A Proposal for Vauban Style Fortifications In Guadalajara, Mexico
Fine early plan of the town and proposed fortifications of Guadalajara, Mexico, drawn by Watenwyll, who appears to be a trained engineer of Swiss or Austrian descent who was familiar with the work of Vauban.
The map is oriented with southeast at the top and illustrates an elaborate set of European style fortifications in the style of Sebastian Le Prestre de Vauban, the Marquis of Vauban (1622-1707). Vauban's skills for designing fortifications became the dominant model of siege craft and fortification in the late seventeenth century and continued to influence fortress architecture well into the eighteenth century.
The plan shows the interior of the town, including the Grande Place (Plaza Mayor), St. Salvador Church, Pavilion, Government House, street names and military points of interest. Beyond the inner walls are additional fortifications and the Porte de Michoacan, another fort, the Port de Culiacan, a canal and the Port de Tamacan (Tehuacán?).
The detail of the fortifications of the city is quite remarkable. The map was apparently drawn by a Swiss or Austrian engineer, but we have been unable to determine additional information. It may be a proposed set of European style fortifications for Guadalajara, as the primary details of the town and environs seem to be roughly correct. However, we have found no evidence that the fortifications were ever constructed.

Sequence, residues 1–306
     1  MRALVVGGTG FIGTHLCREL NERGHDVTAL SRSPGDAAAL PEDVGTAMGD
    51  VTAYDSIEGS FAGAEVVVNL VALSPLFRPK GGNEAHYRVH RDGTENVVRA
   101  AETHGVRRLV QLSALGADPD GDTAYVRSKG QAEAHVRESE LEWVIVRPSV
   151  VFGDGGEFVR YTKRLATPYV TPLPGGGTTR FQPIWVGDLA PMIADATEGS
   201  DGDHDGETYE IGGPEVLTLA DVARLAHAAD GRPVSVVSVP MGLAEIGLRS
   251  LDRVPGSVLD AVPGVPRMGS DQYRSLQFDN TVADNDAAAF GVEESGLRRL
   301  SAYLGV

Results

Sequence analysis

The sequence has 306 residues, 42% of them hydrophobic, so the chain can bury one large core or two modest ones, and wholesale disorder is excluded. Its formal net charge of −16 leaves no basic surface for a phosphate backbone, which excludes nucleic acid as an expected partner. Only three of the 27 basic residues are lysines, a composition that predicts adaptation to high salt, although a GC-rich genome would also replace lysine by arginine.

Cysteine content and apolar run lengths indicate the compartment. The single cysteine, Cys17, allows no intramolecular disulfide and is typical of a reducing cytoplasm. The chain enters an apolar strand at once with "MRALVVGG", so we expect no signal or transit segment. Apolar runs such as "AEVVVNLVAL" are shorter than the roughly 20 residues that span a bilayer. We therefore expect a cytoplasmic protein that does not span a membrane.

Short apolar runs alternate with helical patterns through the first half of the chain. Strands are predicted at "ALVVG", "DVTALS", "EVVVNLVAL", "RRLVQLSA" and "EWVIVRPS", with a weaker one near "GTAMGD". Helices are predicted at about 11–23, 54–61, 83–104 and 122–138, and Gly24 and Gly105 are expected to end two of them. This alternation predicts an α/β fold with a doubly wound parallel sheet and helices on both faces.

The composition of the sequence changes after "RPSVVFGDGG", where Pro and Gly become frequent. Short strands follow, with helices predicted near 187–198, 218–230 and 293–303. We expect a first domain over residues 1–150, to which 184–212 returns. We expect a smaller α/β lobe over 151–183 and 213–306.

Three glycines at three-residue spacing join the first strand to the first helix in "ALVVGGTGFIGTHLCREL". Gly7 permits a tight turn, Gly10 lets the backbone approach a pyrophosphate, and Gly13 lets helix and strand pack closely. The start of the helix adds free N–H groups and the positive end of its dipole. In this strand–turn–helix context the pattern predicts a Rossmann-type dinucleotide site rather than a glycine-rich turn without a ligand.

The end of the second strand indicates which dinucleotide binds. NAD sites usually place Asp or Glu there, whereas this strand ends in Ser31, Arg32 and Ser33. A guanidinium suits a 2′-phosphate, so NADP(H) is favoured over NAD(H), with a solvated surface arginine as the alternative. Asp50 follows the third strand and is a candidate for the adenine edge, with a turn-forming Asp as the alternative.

In addition to a suggestion of fortifications, the plan also shows a projected water management strategy for the parched city. Guadalajara, now the largest city and capital of the state of Jalisco, has been plagued by a lack of water for much of its history. The initial settlement, at Mesa del Cerro in 1532, was abandoned due to water issues. In the 1730s, just after this plan was drawn, Father Pedro Antonio Buzeta reviewed the city's situation and recommended a subterranean stream to be constructed. Watenwyll suggests that the fortifications could protect a canal system within the main fort's walls and a surplus puddle (flaque). Today, Guadalajara again faces a water crisis and more imaginative solutions like this one are again being put forward.